The Project’s Concept: to catch Words of Light

The historical research on the poetics and practical applications of stage lighting puts in evidence a knot rarely faced by the theatrical historiography: the flexibility of terms and the terminological uncertainty used to express concepts, techniques, and the material conditions that regulate the creation of stage lighting. That is, talking about the stage elements that are often immaterial — and together highly conditioned by material factors. What do “words” of lighting correspond to, in scholarship on lighting and in the practices of stage lighting? The project starts from the need to reexamine the words that define the universe of stage “Lighting”.

Dire Luce expresses, from its inception, the challenge of assigning words to describe light manifestation phenomena; the title’s definition is borrowed from a collection of writings by María Zambrano, and aims to underline the urgency, and at the same time the halt, when faced with naming and defining the “things” that concern Light. In our opinion, this is a crucial issue that demands a historical and aesthetic approach to the research and practices of lighting. On the one hand, lighting connotes fluidity and elusiveness, and on the other hand, it connotes materiality; contemporary discussions about the phenomenon of lighting are situated between these two poles. Material and immaterial, visible and invisible, presence and absence: these recurring antonyms are frequently encountered nowadays (both in aesthetics and in the visual and performing arts, in iconology and in film studies). And they all effectively correspond to the peculiarity of light as an “object.” We believe that this fluid ambiguity is reflected in the fluidity of the language used to describe it.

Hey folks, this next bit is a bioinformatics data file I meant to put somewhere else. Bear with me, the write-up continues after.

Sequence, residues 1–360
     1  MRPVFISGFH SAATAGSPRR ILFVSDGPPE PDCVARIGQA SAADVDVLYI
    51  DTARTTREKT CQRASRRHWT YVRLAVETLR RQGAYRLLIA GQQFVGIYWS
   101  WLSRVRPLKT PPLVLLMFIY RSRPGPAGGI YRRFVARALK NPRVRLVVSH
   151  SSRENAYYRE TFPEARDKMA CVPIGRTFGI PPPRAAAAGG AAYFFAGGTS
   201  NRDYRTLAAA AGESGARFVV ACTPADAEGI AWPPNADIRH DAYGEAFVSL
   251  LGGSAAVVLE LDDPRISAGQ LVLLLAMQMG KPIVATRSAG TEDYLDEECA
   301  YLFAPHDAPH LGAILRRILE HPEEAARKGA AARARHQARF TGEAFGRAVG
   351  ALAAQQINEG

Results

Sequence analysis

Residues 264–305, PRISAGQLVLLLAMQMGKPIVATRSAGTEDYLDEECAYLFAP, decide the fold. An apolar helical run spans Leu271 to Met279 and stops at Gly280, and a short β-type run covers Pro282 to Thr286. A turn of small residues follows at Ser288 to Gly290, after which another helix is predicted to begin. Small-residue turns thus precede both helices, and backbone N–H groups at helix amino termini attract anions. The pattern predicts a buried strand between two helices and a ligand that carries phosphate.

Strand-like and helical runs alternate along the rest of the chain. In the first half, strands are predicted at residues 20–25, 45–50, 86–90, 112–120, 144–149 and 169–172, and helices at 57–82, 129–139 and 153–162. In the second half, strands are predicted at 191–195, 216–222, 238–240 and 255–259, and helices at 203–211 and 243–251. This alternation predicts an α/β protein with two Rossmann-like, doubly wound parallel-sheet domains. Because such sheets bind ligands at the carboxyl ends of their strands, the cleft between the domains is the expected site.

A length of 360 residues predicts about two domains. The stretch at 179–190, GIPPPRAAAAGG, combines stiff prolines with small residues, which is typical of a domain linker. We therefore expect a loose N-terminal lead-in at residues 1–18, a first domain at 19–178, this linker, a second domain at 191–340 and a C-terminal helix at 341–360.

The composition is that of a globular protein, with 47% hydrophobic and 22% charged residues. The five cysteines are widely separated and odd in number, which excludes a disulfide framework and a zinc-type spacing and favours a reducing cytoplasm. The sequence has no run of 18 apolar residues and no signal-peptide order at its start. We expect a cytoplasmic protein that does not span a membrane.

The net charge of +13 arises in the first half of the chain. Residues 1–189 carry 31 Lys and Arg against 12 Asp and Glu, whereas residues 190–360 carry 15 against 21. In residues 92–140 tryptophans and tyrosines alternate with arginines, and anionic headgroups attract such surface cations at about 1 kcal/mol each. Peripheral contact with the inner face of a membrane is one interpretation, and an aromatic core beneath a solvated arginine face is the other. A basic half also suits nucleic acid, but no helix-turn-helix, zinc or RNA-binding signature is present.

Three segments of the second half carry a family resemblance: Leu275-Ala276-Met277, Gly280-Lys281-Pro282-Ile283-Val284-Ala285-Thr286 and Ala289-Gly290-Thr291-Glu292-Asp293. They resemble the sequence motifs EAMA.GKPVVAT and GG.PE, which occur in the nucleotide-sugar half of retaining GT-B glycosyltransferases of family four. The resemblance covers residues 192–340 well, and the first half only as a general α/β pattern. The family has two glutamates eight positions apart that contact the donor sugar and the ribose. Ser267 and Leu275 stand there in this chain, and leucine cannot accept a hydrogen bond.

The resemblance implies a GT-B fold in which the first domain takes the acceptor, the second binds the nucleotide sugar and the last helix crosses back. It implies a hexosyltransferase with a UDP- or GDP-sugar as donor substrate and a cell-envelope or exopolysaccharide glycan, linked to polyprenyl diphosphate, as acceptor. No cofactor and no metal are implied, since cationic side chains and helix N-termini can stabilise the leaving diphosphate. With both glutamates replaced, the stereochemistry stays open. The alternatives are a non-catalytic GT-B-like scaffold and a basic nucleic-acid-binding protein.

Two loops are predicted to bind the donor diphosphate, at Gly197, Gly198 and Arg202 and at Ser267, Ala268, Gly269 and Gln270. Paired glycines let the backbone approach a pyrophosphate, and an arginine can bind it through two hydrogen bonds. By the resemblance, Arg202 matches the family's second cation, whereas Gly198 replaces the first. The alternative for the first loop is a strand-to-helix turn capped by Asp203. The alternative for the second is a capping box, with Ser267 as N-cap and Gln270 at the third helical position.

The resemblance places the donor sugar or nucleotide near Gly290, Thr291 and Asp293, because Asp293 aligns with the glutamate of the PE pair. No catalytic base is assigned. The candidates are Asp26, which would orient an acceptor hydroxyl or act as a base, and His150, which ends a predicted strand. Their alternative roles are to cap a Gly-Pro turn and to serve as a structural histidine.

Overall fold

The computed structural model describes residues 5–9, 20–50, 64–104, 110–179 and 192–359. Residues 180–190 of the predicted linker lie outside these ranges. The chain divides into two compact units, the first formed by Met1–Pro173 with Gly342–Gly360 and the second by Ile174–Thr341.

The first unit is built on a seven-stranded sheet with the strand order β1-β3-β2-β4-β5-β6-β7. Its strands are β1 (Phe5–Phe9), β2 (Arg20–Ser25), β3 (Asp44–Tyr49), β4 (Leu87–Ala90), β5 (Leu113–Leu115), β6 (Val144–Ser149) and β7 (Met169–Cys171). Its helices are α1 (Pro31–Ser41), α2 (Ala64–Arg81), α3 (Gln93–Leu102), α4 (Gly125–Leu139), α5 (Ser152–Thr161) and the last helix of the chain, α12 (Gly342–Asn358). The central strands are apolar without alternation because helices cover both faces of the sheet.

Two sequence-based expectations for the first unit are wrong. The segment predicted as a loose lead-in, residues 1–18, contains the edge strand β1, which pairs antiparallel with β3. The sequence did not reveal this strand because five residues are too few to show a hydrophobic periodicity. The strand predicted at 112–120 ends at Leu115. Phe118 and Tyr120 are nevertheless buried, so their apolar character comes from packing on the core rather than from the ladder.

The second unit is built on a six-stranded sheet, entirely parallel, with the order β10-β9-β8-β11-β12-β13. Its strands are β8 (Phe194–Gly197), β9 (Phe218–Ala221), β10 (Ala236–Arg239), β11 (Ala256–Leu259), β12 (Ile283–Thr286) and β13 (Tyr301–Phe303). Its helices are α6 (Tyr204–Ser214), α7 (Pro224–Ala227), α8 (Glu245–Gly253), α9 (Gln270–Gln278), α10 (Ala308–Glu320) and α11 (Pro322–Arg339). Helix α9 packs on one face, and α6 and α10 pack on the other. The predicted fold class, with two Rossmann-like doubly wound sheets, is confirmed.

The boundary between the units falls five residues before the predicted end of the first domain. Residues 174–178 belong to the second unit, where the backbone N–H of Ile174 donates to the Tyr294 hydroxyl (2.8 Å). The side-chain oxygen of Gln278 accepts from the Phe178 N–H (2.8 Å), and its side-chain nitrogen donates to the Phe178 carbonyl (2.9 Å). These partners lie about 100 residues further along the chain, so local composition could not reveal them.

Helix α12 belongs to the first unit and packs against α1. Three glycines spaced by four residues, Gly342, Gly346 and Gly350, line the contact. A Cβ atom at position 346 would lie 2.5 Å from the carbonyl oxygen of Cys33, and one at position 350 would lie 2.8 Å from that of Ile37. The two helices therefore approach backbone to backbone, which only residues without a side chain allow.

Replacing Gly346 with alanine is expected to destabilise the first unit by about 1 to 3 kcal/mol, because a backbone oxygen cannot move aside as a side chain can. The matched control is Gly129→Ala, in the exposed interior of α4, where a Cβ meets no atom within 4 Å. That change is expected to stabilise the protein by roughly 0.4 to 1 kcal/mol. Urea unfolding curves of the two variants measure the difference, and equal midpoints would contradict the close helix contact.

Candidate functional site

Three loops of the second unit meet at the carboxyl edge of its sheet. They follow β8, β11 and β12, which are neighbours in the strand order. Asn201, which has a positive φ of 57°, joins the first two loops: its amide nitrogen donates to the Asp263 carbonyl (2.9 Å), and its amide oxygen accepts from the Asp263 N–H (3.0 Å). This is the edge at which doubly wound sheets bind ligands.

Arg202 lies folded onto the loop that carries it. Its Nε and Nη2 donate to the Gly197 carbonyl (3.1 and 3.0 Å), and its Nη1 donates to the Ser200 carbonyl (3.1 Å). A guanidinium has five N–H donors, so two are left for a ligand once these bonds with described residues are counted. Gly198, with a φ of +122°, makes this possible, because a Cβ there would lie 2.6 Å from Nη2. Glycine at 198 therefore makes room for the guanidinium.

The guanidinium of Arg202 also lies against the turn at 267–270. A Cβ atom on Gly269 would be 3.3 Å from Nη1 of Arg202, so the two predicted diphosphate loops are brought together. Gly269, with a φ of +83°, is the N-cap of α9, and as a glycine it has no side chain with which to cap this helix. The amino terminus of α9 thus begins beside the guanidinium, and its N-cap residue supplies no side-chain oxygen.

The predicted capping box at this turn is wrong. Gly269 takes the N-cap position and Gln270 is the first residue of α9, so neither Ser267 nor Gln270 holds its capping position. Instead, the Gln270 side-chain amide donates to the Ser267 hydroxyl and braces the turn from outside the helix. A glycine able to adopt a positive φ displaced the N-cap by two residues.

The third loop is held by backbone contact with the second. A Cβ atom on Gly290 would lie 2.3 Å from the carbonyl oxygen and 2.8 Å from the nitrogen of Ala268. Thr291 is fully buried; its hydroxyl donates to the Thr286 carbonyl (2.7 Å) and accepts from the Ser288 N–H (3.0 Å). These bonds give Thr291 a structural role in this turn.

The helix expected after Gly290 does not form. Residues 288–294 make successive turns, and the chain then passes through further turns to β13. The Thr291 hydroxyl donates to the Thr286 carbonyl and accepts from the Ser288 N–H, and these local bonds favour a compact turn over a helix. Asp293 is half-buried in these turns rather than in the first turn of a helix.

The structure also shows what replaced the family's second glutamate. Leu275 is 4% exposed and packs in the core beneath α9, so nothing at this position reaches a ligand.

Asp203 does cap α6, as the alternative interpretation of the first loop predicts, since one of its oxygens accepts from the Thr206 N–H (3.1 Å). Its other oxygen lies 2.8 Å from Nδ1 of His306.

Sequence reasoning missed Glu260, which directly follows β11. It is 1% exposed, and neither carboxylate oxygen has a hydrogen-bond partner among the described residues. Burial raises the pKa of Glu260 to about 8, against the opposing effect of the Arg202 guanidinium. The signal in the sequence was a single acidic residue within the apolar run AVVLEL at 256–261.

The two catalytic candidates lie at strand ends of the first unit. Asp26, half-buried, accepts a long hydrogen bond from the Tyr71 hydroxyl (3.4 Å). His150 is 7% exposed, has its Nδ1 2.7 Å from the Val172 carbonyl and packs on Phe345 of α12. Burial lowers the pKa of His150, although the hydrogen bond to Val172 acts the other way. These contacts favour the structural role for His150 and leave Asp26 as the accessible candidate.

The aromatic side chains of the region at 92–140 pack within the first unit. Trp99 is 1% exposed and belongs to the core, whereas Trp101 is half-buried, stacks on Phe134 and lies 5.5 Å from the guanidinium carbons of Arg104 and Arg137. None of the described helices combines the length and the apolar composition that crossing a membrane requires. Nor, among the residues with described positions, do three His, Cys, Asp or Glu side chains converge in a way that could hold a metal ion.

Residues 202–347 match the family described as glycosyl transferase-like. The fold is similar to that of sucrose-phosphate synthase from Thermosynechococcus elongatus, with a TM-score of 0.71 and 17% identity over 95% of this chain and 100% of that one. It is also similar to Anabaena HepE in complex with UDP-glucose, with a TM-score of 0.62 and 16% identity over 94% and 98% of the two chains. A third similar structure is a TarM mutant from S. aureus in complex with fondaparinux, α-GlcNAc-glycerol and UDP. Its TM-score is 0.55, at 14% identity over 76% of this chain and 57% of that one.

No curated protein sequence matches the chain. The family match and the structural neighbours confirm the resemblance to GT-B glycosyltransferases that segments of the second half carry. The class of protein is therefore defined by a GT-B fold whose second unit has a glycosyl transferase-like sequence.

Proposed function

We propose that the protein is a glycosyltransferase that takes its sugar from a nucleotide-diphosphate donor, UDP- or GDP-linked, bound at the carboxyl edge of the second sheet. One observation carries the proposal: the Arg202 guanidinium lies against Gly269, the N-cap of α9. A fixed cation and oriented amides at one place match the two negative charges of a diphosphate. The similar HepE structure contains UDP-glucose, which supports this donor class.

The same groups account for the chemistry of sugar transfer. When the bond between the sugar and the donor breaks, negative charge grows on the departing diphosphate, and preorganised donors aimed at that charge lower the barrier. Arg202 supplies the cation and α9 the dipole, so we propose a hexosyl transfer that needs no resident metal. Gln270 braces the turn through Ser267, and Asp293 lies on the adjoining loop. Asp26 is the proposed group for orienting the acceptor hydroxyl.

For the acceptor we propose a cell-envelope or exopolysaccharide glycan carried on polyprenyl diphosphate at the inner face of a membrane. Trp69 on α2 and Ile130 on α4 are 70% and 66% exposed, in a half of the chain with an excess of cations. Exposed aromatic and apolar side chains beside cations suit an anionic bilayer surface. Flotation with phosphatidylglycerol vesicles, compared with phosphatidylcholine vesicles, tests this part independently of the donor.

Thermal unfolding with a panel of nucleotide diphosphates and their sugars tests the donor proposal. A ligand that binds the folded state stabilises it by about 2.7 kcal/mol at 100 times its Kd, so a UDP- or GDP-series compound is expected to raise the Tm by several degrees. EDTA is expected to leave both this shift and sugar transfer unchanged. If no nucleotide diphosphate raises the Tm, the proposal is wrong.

In concrete terms, is it possible to turn such indecisiveness into an object of study, by trying to “make light” in the tangle of terminology used in the artistic sphere, with particular attention to the performing arts? On the basis of the case studies emerged during our past researches, we were led by the lexical uncertainty that emerged, and we are convinced that from an analysis, contextualization, comparison of the definitions of devices, of techniques and “effects”, of the professional figures, of the design dynamics, it will be possible to “illuminate” essential nodes of the poetics and of the artistic and dramaturgical conceptions of light, on the backdrop of a fertile dialogue between different artistic languages.

It is worth pointing out that this is one of the subjects less dealt with by Performing Arts studies, not only for the specific aspect regarding terminology; and this inexplicably, since light is the very basis of vision itself, as well as of visibility; a constitutive and fundamental element of every performing experience. Perhaps its macroscopic evidence has meant that it has been taken for granted, and that for a long time historians have not duly treated light as a matter to be shaped, an object of creation on a par with other scenic coefficients. Only in the last two decades – but a few exceptions – has the thought and creation of light on stage started to receive attention, however limited.